A couple of days ago, there was another attempt to move the minute hand of the Library Doomsday Clocktm towards midnight. I really couldn’t say that I was outraged since it was a basic recycling of “who needs a library when you have the internet lol” argument. What pushed superficial response aside was a contempt at the effort; not that someone would dare utter the words, but more of a “Really? Is that the best you can do?” I mean, come on! Simply supporting the thesis of end of libraries with “isn’t it obvious?” is either lazy trolling or just link bait. Initially, I just made a series of replies on Twitter of which Jacob Berg embedded the highlight reel in his post on the topic. But really, folks, these kinds of posts don’t merit our limited time, effort, or sanity.
Hell, if you want an idea of how old and tired this “heresy” is, it’s old enough to drive, vote, and most likely not get carded at bars. From the journal The Electronic Library back in 1983, this “end of libraries” article has the most wonderful abstract:
In terms of size, arrangement and catalogues, the conventional library has reached an organisational and financial impasse. Coincidentally there has emerged a pre-emptive new technology for the storage, handling and transmission of information, potentially better suited to the convenience of users. Libraries may disappear like the dinosaurs; or they may, by returning to first principles, be able to adapt and successfully survive.
You hear that? Even by 1983 standards, we were in danger of extinction. The Commodore 64 was going to put libraries out to pasture. Now I have word document files that are bigger than the entire memory of those old machines.
“Death by internet” gets some play in this New York Times article from 2002:
And contrary to predictions about the death of libraries in the Internet age, in the last decade local libraries have grown more essential than ever to social life in the county. They have become community centers, the beating heart of Westchester’s towns and villages and cities.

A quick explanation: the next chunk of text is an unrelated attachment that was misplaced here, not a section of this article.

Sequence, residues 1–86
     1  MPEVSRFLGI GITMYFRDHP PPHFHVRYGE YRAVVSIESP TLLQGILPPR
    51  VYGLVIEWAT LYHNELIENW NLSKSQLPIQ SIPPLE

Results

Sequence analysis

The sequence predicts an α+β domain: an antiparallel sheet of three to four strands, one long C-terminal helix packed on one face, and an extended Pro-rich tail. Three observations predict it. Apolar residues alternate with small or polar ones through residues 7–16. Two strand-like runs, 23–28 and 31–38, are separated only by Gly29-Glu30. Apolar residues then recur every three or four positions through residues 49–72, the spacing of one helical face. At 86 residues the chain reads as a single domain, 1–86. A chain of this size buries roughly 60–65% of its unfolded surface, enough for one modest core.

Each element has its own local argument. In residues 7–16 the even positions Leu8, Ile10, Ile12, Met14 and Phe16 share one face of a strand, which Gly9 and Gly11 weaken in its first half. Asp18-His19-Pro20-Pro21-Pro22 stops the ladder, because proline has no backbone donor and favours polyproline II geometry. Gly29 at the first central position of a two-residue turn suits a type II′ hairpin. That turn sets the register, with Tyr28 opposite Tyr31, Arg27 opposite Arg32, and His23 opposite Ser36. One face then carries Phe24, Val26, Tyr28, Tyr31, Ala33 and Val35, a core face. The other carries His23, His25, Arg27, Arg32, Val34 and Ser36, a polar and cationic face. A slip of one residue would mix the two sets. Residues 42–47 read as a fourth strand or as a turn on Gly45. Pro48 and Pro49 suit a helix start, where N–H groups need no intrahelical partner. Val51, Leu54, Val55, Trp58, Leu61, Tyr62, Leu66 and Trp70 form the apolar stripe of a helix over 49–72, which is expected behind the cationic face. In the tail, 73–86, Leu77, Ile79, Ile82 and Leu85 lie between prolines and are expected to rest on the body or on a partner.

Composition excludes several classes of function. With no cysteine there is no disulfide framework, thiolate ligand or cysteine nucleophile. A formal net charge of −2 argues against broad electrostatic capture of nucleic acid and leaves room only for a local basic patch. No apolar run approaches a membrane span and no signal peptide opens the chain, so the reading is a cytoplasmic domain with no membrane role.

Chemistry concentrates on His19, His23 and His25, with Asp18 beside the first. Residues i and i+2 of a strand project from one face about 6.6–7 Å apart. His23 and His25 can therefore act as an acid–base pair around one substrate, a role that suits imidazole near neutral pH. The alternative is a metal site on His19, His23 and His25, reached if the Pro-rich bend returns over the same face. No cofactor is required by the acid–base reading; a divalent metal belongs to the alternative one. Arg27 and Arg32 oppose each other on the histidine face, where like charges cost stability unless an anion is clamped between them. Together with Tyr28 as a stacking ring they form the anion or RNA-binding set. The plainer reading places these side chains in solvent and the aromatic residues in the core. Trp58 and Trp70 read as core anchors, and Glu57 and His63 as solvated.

There are probably a ton more examples of this kind of artistic license in which the library is either saved or damned by the internet, but you get my point. It’s overplayed and makes a nice headline, but it really lacks that pesky thing known as evidence.
For myself, my reasons for writing this post are not to show how weak that argument is, but that librarians are made of tougher stuff. In peering through the history of the profession, the profession has been on the forefront of important societal issues such as women’s suffrage, civil rights, and gay rights. The ALA had called for women’s right to vote, the end of racial segregation, and the recognition of homosexuality as a acceptable sexual orientation long before there was popular support. These pursuits are part and parcel to our belief in intellectual freedom and equality of information access. And, even in this grand age of the internet, the challenges of fulfilling these ideals remain.
In my perspective, what has changed is the battleground. Copyright, net neutrality, and intellectual property are the next major societal conflicts which will require different tactics and solutions in order to resolve. For certain these are hard issues, ones that will require great minds and greater efforts to change. But so was a woman’s right to vote. As was ending segregation and enacting civil rights. And supporting gay rights from the early days to present victories.
Librarians were on the right side of those issues and we continue to be on the right side when it comes to the present challenges. We can and will overcome. We are heirs to dedicated women and men who changed the world. Never forget our legacy. And most importantly, never let anyone take it away from you.
Our future depends on it.